18 Incredibly Handy Hammer Hacks
The humble hammer is a go-to for most home improvement projects. But did you know it can do more than just pound nails? See what else this good ol’ tool can do.
PVC Hammer Holder
Here’s an instant rack for hammer storage! Drive 2-in. drywall screws into a board and tack it to a shop wall. Hook the hammers on the screws so it looks like they’re ready to pull out a nail. The hammer claw’s V-notch interlocks tightly with the screw threads so the hammer won’t fall off, and the handle angles toward you for an easy grasp.
Shove a screw driver under the hammer head to protect delicate surfaces, like cedar decking or any other finished surface. For a straight pull, size the screwdriver so the pivot point is as close to the nail as possible. The screwdriver also gives the hammer claw better leverage, so you can often rock the hammer directly back on its head rather than sideways. But not always. Use this straight pull only on nails that come out fairly easily or that aren’t driven deeply. Otherwise you could break a wooden-handled hammer. Although you can yank a lot harder on hammers with a fiberglass or steel handle, you’ll find it’s a lot easier to use a sideways pull.
Hand tools are great, but they’re even better when you use them creatively for things they’re not designed to do. Check out these 16 genius hand tool hacks you need to know.
Free Finger Saver
I build a lot of small projects, including wren and bluebird houses, and I use lots of small nails—so small that at times I can’t grip them to start the nail. My solution: a plastic lid from a small peanut can. Just trim the lid back and drill a small hole near the end. Then cut a slit leading away from the hole so when you pull the lid back it releases from the nail. — Miles Stromback
Homemade Hammer Mallet
Cover a metal hammer with a tennis ball to protect the surfaces of your projects when you knock them together or apart. Carefully cut an ‘X’ in the ball with a sharp utility knife. Make it just large enough for the head of an 18- to 24-oz. hammer to slide through. You’ll discover that your rubber-bumper hammer works better than a standard rubber hammer, since it concentrates the blow on a small area and doesn’t leave black marks.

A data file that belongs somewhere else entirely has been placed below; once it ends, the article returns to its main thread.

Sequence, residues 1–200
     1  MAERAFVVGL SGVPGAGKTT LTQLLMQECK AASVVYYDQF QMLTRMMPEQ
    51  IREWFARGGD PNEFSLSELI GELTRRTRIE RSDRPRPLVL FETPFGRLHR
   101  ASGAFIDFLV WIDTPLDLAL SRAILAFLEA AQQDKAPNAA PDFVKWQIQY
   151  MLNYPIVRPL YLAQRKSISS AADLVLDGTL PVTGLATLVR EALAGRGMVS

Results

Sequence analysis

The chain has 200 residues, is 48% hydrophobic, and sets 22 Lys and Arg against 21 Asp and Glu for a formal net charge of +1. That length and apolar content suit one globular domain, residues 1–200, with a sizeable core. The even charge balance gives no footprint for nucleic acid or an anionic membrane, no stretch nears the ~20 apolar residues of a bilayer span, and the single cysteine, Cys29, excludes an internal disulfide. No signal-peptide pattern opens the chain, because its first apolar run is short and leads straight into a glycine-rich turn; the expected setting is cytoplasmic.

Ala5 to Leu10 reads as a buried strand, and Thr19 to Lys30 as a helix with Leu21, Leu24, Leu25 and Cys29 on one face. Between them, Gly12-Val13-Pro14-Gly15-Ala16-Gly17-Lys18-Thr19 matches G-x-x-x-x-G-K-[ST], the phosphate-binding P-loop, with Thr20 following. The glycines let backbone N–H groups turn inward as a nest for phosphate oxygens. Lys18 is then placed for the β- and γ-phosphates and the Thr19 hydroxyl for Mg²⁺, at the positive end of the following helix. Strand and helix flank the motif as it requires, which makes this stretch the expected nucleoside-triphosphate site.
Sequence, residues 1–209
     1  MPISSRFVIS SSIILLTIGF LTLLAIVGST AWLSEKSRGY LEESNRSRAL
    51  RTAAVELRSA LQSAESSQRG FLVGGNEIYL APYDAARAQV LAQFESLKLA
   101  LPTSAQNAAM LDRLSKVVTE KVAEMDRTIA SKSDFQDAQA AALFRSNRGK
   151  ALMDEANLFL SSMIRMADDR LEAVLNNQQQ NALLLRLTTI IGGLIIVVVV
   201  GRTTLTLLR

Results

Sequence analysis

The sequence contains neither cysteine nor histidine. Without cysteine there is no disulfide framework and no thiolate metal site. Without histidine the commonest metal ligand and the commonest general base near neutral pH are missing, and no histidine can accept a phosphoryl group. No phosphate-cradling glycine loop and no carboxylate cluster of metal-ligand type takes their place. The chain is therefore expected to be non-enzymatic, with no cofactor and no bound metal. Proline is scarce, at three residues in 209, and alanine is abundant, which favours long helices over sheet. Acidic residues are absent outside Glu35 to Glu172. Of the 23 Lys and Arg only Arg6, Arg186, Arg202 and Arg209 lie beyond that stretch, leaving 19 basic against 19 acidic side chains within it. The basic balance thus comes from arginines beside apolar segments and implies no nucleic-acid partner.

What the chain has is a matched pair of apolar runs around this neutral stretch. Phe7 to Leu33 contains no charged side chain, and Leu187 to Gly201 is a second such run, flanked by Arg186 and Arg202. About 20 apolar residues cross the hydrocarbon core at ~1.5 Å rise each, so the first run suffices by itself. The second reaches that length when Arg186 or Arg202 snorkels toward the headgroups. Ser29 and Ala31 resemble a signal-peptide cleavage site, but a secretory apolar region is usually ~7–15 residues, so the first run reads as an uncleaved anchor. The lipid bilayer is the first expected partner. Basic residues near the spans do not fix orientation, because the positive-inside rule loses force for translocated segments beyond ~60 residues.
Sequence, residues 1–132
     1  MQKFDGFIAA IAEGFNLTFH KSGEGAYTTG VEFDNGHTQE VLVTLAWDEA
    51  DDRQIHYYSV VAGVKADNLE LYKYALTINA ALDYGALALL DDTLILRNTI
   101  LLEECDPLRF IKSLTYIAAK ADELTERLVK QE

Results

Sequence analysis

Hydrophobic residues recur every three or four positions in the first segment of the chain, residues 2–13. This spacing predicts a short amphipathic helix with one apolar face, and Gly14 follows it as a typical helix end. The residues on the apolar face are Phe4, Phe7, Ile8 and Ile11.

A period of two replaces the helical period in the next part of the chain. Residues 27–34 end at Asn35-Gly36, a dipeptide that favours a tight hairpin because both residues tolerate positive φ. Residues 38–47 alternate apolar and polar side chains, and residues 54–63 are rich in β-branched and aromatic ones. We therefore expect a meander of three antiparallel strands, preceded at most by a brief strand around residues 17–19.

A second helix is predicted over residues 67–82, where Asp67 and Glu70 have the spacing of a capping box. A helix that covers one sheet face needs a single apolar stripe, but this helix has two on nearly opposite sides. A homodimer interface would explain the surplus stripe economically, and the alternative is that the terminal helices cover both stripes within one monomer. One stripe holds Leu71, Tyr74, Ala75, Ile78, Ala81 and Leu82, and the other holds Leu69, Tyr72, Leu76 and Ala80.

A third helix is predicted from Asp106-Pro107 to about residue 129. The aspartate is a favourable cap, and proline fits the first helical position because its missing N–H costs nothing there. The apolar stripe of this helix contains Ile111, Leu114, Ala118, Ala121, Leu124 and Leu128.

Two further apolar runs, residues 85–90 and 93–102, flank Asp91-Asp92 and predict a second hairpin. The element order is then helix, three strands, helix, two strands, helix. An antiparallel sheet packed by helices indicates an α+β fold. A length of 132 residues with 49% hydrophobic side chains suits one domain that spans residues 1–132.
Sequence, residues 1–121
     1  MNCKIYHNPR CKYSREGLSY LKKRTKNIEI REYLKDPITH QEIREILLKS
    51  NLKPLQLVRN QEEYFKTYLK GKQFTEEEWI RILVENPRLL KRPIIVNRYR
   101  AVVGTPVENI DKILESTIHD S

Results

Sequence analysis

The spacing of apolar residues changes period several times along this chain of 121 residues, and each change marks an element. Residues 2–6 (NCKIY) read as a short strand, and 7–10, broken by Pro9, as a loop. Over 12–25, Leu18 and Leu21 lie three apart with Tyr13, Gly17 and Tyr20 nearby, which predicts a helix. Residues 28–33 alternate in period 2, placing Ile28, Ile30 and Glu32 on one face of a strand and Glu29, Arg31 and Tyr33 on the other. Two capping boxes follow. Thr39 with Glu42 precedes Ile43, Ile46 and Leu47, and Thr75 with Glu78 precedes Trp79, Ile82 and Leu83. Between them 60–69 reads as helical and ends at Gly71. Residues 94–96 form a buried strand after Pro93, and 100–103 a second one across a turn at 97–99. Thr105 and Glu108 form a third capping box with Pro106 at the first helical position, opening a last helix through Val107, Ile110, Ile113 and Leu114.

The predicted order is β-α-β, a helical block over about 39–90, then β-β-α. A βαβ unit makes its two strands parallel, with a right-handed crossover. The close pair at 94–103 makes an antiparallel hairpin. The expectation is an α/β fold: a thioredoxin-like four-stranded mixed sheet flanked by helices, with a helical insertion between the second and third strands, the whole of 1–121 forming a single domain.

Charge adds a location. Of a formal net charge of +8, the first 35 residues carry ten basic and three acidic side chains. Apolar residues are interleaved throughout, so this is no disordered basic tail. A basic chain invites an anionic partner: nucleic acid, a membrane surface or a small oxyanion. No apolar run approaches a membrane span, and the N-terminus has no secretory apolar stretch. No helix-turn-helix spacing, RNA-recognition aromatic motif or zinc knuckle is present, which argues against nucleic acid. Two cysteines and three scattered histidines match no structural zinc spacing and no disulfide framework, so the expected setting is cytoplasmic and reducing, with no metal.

Maximize Your Hammer Power
Ram the claw of your hammer into the nail shank and rock it sideways using the claw edge as a pivot point. Repeat the process until you pry out the nail. This technique produces maximum pulling power with little stress on the handle. Learn more tips for removing stuck nails here.
Caulking Gun for Airheads
Safer Trim Nailing
Here’s an oldie-but-goodie that’ll save your ﬁngertips when you’re driving small brads or nails into awk-ward spots. Push the nail into a thin strip of card-board to hold it in position while nailing and to shield the wood from an errant hammer blow.
DIY Hammer Coat Rack
I was shopping for unique hooks for our rustic cabin, and I was flabbergasted at the cost of the most interesting ones. Searching for cheaper alternatives, I cruised online and unearthed a heap of creative ideas. Then I rooted around in the old junk box and voilà—distinctive hooks with a real DIY feel. If you’re looking for a coat rack that expresses your DIY life, start digging and get creative! Here’s a gallery of new ideas to spark your imagination. — Marcia Roepke, Art Director
Give Paint-Clogged Screw Heads a Tap
Handy Nail Holder
When working with small nails or in tight quarters (or both!) keep your fingers out of the line of fire with the help of a hair accessory. A bobby pin is perfect because it can grip even the smallest nails and it provides plenty of distance between your fingers and the hammer.
Just place the nail inside the bobby pin; then hold the bobby pin where you need the nail and hammer away. Once the nail is started, you can remove the bobby pin and continue hammering.
This hint also works with an index card. Simply press the nail through a corner of the card and hold it where you need it. Start hammering and then tear the card off of the nail.
A rubber chair leg cap instantly converts a hammer into a rubber mallet. And if you want to drive a nail without denting the surrounding wood, cut a hole in the rubber cap. Pound until the rubber strikes wood, then finish driving the nail with a nail set. A 1-1/8-in. rubber cap fits tightly over most hammers and costs about $1 at home centers and hardware stores.
Avoid Ugly Hammer Marks
Learn the many uses for a reciprocating saw.